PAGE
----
When DJ Cavem coined the term eco-hip hop in 2007, he didn’t know it would sprout into a global movement. His mission to rap about climate change, food justice and plant-based foods spread far beyond his Denver hometown. Having performed at the Obama White House and been featured in Oprah Magazine and on the Rachael Ray Show, Dr. Ietef “DJ Cavem” Vita became known as more than just a rapper — but an activist, educator and vegan chef. Now, several years after the release of The Produce Section, his award-winning album that fused hip hop with lessons on eco-friendliness, Cavem has shifted his focus to new material. His latest project BIOMIMICZ is being released as an album/seed pack to get people involved and spur listeners into action.
“I wanted this album to become an experience,” he explained. “I want people to understand that one of the best ways to make an impact on the environment is being more conscious of what we eat and understanding that our everyday food choices impact the environment in a positive or negative way.”
From an early age Cavem has had a deep connection to environmental activism and food justice. Raised in Denver’s Five Points district, often referred to as the Harlem of the West, his interest for gardening and hip hop helped him resist the snares of gang lifestyle. Becoming vegan at age 14, he said he felt a calling to speak about these issues in his songs, “especially since most of the neighborhoods considered food deserts were people of color.” His 2007 debut single “Wheatgrass” with rapper Stic.Man of Dead Prez hit top ten on the charts in Spain and introduced him to the public as an OG (Organic Gardener). It led to his 2010 debut album The Teacher’s Lounge, followed by 2012’s The Produce Section, which featured collaborations with Speech from Arrested Development, Drummi Zeb from The Wailers, and Sa-Roc. Part album, part curriculum, The Produce Section offered lessons on organic gardening, plant-based recipes and alternate uses of energy.
Since then Cavem has traveled the world as both a performing artist and an educator. He’s shared the stage with Nick Jonas, Public Enemy, 2 Chains, Questlove, Wyclef Jean, among others. Offstage he’s involved with numerous organizations and projects dedicated to promoting wellness, eating healthy and environmental awareness. With his wife and collaborator Arasia “Alkemia” Earth, the pair inspire and educate around the world including communities in countries such as Azerbaijan through workshops and speaking engagements. They formed a non-profit organization called the Vita Earth Foundation, which hosts health and wellness summer camps, Culinary Concerts, and their Recipes for Resistance workshops, which focuses on culinary climate action.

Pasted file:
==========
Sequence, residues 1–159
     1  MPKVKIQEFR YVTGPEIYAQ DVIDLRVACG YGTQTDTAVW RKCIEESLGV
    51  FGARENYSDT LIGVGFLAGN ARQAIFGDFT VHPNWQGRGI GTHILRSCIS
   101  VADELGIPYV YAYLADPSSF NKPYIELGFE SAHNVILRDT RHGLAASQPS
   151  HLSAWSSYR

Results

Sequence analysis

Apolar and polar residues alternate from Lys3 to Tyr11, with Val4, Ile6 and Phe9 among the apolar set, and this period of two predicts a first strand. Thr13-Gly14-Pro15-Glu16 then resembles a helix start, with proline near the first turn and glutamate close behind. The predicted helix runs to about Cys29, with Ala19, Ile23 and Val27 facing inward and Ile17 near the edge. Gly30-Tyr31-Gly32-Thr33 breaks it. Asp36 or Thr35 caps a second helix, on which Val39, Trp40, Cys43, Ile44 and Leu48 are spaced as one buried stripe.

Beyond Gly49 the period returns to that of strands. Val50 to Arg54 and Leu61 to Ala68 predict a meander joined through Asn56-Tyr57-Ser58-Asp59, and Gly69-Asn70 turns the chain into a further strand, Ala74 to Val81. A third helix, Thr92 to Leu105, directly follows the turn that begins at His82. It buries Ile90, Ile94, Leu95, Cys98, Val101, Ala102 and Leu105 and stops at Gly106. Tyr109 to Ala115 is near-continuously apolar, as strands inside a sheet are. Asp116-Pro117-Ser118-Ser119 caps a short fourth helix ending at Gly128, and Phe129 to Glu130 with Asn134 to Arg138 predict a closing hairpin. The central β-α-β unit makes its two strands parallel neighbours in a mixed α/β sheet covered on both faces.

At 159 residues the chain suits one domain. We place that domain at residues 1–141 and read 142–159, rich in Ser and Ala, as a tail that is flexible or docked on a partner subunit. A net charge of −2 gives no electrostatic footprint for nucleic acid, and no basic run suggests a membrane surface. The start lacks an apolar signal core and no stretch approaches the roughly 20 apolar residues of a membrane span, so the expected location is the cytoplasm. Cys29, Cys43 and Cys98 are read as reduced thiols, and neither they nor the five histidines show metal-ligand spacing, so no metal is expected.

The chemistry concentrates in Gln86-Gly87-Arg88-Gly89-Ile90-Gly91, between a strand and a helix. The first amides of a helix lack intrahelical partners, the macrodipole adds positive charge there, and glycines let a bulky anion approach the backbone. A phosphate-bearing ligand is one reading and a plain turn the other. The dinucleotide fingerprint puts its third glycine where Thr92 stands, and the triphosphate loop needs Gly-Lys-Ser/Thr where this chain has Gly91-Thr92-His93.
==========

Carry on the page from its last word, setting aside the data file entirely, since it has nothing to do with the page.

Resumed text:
Traveling the globe has given Cavem a fresh perspective with BIOMIMICZ. Released during International Compost Week, the EP is a precursor to a full-length album. It’s being issued as a seed pack — kale, arugula and beets — to be planted right away. Come harvest, the full-length album will be packed with recipes on how to prepare meals with those vegetables. According to Cavem, BIOMIMICZ is about getting back to basics with a sense of urgency.
“Factory farms have destroyed the Amazon rainforest. Pesticides and herbicides have destroyed our soil and microorganisms and contaminated our water. Our oceans are becoming acidic and we are losing the coral reefs. I hope my lyrics will inspire and educate. And I hope the seeds will be planted, literally.”
Artist: DJ Cavem
DJ Cavem offers a unique perspective on food justice through the intersectionality of hip- hop and food: eco-hip hop. His work offers insight into the different connections one can make with users through food and art. Specifically, his work focuses on education through a meaningful connection to music. Furthermore, DJ Cavem challenges the traditional music space by creating an experience that transcends mediums. For example, in his album Biomimicz, DJ Cavem combines educational music with the physical experience of offering his album as a seed starter pack, full of various seeds for produce. This combination of materiality with the intangible is an interesting point to explore further. Addressing differing aspects of sensory stimuli in a future product, service, or system could work to engage users more thoughtfully in the desired experience and create a more meaningful impact.